French prosecutors investigate Interpol boss over torture allegations – POLITICO

French prosecutors have opened an investigation against Ahmed Naser Al-Raisi, the president of the international police agency Interpol, for allegations of “complicity in torture”.

Following AFP reportsFrance’s national anti-terrorism prosecution confirmed to POLITICO that it mandated a judge at the end of March to investigate a complaint against Al-Raisi.

The complaint alleges “torture” and “arbitrary detention” in 2018 and 2019 against the head of Interpol, then a top security official in the United Arab Emirates. It was introduced by two Britons, including Matthew Hedges, an academic convicted of espionage by the United Arab Emirates after traveling to Dubai to conduct research. Hedges was held for seven months and sentenced to life in prison in 2018 before being ‘pardoned’ less than a week later after an international outcry.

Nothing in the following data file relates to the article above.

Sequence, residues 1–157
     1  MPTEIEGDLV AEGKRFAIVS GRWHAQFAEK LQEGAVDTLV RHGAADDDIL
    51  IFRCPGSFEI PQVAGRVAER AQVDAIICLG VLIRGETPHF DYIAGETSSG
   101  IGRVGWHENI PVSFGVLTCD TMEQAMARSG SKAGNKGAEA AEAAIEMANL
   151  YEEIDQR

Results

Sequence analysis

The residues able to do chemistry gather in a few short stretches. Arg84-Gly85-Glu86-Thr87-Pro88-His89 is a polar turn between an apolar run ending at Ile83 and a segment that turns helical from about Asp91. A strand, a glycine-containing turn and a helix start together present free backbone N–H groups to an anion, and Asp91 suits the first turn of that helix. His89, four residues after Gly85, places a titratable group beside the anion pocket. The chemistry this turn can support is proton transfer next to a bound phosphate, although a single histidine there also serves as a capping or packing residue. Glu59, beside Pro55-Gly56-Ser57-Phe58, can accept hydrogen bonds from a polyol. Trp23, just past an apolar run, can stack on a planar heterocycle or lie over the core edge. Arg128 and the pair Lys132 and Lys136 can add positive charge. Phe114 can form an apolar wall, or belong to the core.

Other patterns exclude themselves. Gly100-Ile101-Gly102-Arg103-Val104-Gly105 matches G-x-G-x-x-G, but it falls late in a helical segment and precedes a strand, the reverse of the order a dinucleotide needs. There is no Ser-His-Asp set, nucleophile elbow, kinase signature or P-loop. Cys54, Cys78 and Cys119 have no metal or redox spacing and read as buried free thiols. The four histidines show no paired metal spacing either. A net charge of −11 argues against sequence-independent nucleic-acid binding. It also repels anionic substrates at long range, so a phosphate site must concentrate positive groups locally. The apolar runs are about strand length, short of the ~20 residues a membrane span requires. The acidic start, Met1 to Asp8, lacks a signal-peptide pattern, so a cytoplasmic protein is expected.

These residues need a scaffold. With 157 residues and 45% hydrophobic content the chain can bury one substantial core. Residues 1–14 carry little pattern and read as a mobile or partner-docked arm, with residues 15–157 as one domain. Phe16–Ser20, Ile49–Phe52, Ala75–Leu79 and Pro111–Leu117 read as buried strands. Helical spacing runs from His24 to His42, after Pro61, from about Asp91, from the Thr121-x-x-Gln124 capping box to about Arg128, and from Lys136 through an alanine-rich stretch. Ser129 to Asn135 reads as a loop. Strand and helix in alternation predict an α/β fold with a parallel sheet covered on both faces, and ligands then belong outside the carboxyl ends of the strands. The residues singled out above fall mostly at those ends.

A representative of the counter-terrorism prosecution said the investigating judge would check whether Al-Raisi was on French soil when the complaint was filed, thus giving French authorities jurisdiction over the case. The inquiry will also examine whether the Interpol chief enjoys immunity through his current position.

The investigating judge will then decide whether there is cause to lodge a complaint against Al-Raisi, although it is still unclear when the investigation will be concluded. Interpol’s headquarters are located in the French city of Lyon. Al-Raisi could potentially be detained for questioning in France if he visits the country.

Last year, Hedges sought damages in the High Court in London for alleged assault, forcible confinement and willful infliction of psychiatric injuries.

Al-Raisi was elected Interpol chairman last November, drawing heavy criticism from human rights groups, who accused the UAE candidate of having a long record of surveillance human rights violations.

Interpol did not respond to a request for comment.

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